Vita Sackville-West was born into the aristocratic Sackville family of Knole, Kent. Following her grandfather’s death, her (nuclear) family returned to Knole via a circuitous route.  Her mother was her grandfather’s illegitimate daughter, from a liaison with a Spanish dancer, Pepita, but her father inherited the very grand stately home through being the son of one of her grandfather’s brothers.  There was a court case – of course – and, this being the Sackville-Wests, a very colourful one.  Despite living in many other properties with Harold, including no Sissinghurst, where she built her amazing garden, Vita loved Knole with a passion.  In fact, on her wedding day, she almost didn’t get married because she couldn’t bear to leave Knole.

Vita Sackville-West wrote numerous novels and earns her living as a writer.  Harold also wrote, mostly factual books, fitting in how writing in between his high-profile career as a diplomat, which included being a secretary for the Paris Peace Conference after the First World War.  However what she is known for is her affairs with Violet Keppel and then Virginia Woolf.  The Violet affair is described in painstaking details, partly from Vita’s own diaries.  In the detail, we know and feel the pain and the conflict.  When Portrait of a Marriage was adapted for television, by  Penelope Mortimer, whom Nigel Nicolson describes as ‘somebody’s mother-in-law’, someone who had no time for ‘posh people’.  It is tempting to go for the juicy bit.  After all, sex is supposed to sell, isn’t it?  But this book is far deeper and more thoughtful than just sex.

I’m writing this on a train and Virgin Trains are letting me have only 15 minutes internet, so I’d better finish.  I’m stalling about the way I recommend books, so I’m changing the way I do it.  In future, I’m going to award stars, five being wonderful, one being awful.  For Portrait of a Marriage, I’m awarding FOUR.  It misses out on five because the end of the book, as Vita and Harold go into middle-age, drifts off a bit.   A very good read.

 

 

 

Book Reviews, Lack of

I try hSamuel_Johnson_by_Joshua_Reynolds_150ard to make my posts interesting, relevant, witty, topical and otherwise SEOgenic, but this one is going to be boring.  Writers spend so much time writing to please… no, charm… editors etc that we have sometimes to allow ourselves some space to be ourselves and let go.  Dr Johnson wrote that ‘No man but a blockhead ever wrote except for money ‘  (Wikiquotes) but the truth is we don’t always.  To be spare you, however, this post will be short.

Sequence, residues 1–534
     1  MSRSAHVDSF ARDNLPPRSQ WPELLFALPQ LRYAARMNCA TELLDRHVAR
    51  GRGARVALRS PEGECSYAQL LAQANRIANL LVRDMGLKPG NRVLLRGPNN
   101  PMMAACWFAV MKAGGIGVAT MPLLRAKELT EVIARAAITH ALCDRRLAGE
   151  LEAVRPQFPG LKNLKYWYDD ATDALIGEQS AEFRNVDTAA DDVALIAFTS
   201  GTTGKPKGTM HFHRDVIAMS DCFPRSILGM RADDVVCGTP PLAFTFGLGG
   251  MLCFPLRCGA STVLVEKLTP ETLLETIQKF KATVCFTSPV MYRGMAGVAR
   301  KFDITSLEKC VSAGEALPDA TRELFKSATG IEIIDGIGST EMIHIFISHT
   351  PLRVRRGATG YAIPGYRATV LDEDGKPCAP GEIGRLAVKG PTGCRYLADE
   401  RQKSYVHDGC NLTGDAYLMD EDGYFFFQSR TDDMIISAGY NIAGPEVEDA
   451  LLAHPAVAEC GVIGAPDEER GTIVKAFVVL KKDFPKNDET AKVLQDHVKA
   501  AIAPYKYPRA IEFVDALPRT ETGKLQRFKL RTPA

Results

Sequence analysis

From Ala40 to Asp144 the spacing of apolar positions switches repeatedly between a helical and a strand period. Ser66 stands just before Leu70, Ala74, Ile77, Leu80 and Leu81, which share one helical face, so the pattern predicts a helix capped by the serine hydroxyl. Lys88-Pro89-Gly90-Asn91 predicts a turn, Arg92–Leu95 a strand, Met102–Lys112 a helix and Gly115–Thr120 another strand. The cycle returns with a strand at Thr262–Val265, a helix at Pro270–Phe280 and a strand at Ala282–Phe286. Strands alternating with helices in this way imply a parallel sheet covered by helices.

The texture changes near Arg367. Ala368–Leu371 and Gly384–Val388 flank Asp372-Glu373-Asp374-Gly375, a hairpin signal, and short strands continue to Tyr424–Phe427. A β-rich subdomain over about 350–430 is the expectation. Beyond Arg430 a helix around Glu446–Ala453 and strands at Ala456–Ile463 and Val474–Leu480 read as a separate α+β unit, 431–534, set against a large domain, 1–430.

Back to the topic promised in the heading:  why no book reviews recently?  I can assure you that I haven’t stopped reading, nor have I spent over two weeks reading the last book posted up here.  I feel I’m writing too many book reviews and that, if I’m not careful, this will cease to be writing blog.  The other issue is that I haven’t read anything recently which I can give a positive review.  I wrote some time ago that I would be unstintingly honest in what I said about each book, but, on the other hand, I don’t want to pan another writer’s work – even the work of an established author.  I am just a scribbler (hardly a successful one), not an academic literary critic, who has spent years studying literature.  So my silence must speak for itself.

No, Dear Reader, I did not like what I saw:  involved and convoluted sentences (containing brackets) – and em dashes;  spelling and grammar mistakes; and words omitted.   Aren’t books proofread anymore?  Characters lacked… er… character, or were wooden caricatures.  Often none of the  characters in a whole novel were likeable, although every one contained some interesting insights.  Plots were muddled and unconvincing, ending far too quickly – suddenly, everything was all right again – although descriptive passages in all of them were well-written.   Next Tuesday, I’m going to see ‘The History Boys’ at The Mercury Theatre in Colchester, so I’m going to read the play first.   I may – or may not – write a review.